Education down the drain

Education isn’t what it used to be. There was a time Indian students were considered brilliant across countries and cultures. Our education system, under whatever prevailing economic conditions, produced scholars that people around the world looked up to. Especially since everyone admired the struggle our students underwent through hardships of culture, language, and economics in direct contrast and at odds with known ambiance conducive for western education. Despite poverty, over-population and lack of infrastructure, our students excelled in every field.
diyas set up for diwaliIt wasn’t because we were smarter or genetically predisposed to absorb greater amounts of knowledge (as some westerners would like to believe); we excelled because we pushed our children to the limits of their brain. Our system largely ascribed to learning by rote and while western psychologists harped on about a fictional overall development of human psyche, we churned out student after student leaving the discoverers trailing behind languishing in dust. In a culture where respect for elders, especially teachers, is paramount, the total recall vs. corporal punishment system worked wonders for more than two generations.
Then a decade ago some of our politicians visited the west with intent to study western educational system in hopes of duplicating their economic success. And these very politicians whose only claim to education was the riots they incited in schools and colleges across India to further their careers in politics, suddenly became self-professed experts. And, as is often the case with politicians, they returned jubilant and confident that superior intellect had allowed them to absorb, in their two week excursion, the secret of western prosperity and advances in the last three hundred years.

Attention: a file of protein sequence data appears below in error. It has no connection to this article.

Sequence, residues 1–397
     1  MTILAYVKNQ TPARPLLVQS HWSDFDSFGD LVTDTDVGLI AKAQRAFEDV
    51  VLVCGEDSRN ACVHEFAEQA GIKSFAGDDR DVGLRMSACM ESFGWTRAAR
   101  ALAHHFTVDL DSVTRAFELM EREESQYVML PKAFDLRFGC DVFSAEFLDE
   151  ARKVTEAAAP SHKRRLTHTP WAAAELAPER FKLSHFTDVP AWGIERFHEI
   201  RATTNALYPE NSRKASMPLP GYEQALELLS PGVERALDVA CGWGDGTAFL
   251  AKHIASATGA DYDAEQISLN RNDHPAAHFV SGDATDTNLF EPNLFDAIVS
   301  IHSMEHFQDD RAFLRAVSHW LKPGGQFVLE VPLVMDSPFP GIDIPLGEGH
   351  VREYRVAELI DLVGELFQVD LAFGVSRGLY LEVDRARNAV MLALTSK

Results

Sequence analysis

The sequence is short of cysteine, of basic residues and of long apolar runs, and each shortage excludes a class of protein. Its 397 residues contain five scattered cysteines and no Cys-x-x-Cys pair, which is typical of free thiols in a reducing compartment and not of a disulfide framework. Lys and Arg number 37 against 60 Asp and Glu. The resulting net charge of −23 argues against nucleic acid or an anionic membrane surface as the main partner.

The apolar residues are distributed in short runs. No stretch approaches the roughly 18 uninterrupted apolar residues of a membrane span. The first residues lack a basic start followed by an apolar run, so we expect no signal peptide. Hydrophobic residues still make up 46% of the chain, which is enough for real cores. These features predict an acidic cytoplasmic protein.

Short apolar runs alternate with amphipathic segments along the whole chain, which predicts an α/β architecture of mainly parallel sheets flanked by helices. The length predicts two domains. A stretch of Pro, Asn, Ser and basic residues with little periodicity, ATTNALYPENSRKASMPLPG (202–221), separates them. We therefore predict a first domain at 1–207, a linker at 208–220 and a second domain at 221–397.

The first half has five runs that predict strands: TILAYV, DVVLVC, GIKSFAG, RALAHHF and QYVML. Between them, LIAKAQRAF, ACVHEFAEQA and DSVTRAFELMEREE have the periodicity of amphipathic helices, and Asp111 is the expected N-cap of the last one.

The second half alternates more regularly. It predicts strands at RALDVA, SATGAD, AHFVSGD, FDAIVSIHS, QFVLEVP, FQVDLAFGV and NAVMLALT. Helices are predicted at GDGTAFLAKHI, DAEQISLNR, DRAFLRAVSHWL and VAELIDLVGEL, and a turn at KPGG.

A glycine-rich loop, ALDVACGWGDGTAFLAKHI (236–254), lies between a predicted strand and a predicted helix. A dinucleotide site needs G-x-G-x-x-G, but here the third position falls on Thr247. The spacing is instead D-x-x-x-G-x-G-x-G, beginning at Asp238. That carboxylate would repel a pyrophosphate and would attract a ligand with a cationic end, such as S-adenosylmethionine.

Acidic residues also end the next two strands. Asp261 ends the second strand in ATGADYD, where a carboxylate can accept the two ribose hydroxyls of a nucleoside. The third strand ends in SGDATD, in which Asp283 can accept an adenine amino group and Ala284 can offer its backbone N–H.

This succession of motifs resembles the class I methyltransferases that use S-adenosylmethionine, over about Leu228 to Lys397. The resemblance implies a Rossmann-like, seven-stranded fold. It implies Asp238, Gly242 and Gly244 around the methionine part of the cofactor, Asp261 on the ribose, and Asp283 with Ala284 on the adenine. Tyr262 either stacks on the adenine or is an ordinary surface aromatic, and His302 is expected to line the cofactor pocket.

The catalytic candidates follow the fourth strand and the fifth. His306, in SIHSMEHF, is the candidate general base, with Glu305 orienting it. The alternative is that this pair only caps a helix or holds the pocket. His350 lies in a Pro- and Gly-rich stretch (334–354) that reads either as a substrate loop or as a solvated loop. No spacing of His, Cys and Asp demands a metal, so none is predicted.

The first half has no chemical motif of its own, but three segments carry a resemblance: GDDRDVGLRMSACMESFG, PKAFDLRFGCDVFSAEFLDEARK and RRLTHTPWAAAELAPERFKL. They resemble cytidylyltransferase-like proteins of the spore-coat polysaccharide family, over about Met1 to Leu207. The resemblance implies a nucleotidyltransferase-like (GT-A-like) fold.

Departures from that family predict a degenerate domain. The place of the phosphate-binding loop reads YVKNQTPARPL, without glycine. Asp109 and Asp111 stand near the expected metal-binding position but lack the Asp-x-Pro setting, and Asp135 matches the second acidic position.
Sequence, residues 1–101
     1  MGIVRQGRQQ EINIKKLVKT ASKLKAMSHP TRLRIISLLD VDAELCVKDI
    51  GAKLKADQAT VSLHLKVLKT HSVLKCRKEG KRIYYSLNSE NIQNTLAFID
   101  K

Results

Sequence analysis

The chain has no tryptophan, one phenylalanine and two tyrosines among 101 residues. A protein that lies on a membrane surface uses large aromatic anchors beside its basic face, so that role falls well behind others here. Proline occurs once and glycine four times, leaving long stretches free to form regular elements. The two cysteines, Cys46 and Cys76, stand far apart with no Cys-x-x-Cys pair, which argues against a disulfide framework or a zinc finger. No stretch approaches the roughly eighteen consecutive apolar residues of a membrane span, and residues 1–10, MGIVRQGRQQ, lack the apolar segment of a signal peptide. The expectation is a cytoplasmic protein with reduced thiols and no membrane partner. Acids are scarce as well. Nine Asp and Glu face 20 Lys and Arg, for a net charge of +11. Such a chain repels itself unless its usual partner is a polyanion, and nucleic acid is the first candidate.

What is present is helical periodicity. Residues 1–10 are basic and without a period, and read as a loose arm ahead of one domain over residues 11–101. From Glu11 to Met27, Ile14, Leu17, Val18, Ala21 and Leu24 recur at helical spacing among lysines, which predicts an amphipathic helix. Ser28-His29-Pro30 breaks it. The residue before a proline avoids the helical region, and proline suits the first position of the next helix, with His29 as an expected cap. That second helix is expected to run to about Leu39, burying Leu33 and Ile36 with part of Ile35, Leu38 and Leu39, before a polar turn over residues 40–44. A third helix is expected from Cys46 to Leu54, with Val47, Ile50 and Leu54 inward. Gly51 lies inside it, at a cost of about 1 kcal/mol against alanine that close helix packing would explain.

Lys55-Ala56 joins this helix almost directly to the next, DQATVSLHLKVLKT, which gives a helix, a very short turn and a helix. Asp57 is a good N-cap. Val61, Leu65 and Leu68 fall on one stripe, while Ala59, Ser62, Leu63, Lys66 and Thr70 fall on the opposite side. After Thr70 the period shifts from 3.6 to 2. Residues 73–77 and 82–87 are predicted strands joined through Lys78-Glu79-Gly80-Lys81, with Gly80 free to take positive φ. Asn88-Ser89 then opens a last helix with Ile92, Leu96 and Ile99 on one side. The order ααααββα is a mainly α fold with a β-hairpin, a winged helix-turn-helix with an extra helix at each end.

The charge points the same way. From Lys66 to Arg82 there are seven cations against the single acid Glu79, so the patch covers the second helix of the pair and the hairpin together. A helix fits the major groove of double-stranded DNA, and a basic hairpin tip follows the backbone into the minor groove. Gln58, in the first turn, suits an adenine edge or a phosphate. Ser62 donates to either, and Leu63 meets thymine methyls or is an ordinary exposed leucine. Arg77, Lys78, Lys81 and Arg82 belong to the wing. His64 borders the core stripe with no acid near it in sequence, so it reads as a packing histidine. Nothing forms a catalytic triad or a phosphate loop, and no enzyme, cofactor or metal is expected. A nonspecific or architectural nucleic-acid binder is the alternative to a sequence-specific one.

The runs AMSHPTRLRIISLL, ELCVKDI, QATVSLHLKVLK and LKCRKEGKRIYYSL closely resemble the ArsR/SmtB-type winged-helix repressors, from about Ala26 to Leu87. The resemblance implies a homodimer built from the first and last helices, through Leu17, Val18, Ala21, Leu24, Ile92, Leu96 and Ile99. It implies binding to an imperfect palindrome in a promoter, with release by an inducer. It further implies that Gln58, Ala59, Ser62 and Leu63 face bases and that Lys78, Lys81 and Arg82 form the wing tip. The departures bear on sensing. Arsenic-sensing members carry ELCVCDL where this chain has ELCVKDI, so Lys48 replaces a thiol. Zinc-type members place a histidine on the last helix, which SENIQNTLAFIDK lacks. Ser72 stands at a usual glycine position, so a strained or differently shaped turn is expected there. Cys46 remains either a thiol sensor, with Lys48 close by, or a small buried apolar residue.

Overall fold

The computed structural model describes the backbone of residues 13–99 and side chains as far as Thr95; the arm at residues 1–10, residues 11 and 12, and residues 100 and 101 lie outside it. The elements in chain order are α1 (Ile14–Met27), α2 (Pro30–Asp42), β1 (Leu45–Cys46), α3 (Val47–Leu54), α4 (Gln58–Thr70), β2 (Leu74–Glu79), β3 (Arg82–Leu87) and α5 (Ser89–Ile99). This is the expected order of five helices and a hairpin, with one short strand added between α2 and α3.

happy plants at the approaching winterThey saw the laid-back and informal attitude between western teachers and students but conveniently turned a blind eye to values of integrity and honesty deeply ingrained in western mind-sets. They didn’t see the lengths western teachers go to instill curiosity and wonder in the minds of their charges. The single defining quality of a western teacher is that he takes his responsibility very seriously. Many teachers here don’t attend a single class for years because there is no accountability. Once you manage to bribe and get a government job, you will draw a full salary for life whether you show up for work or not. Its much easier to hire someone to proxy your teaching for one-fourth of your salary. You keep the three-fourths and relax at home. Or do something else.
They saw the downplay of memorization skills and lack of book-based learning but they didn’t see investments on vocational applications enabling skilled workforce at a much early age. Our people didn’t see because that would mean that the public funds they so easily siphon off for personal projects would actually have to be utilized for developing practical infrastructure in schools and colleges.
I could go on with the differences but I’d run out of my word limit. The bottom line is that our politicians returned and implemented what they saw without thinking. The changes they implemented years ago have permeated through the current generation of India’s work-force, destroying them for all practical purposes. The students today know next to nothing, think literally nothing and expect the world to be handed to them on a silver platter. And in keeping with the Indian psyche – the politicians generally have the same mind-set as the people they represent – parents are willing to use any means necessary, by hook or crook, to get their children what ever they want at any price. No responsibility, no accountability and no liability.
That is what is destroying the coming generation.

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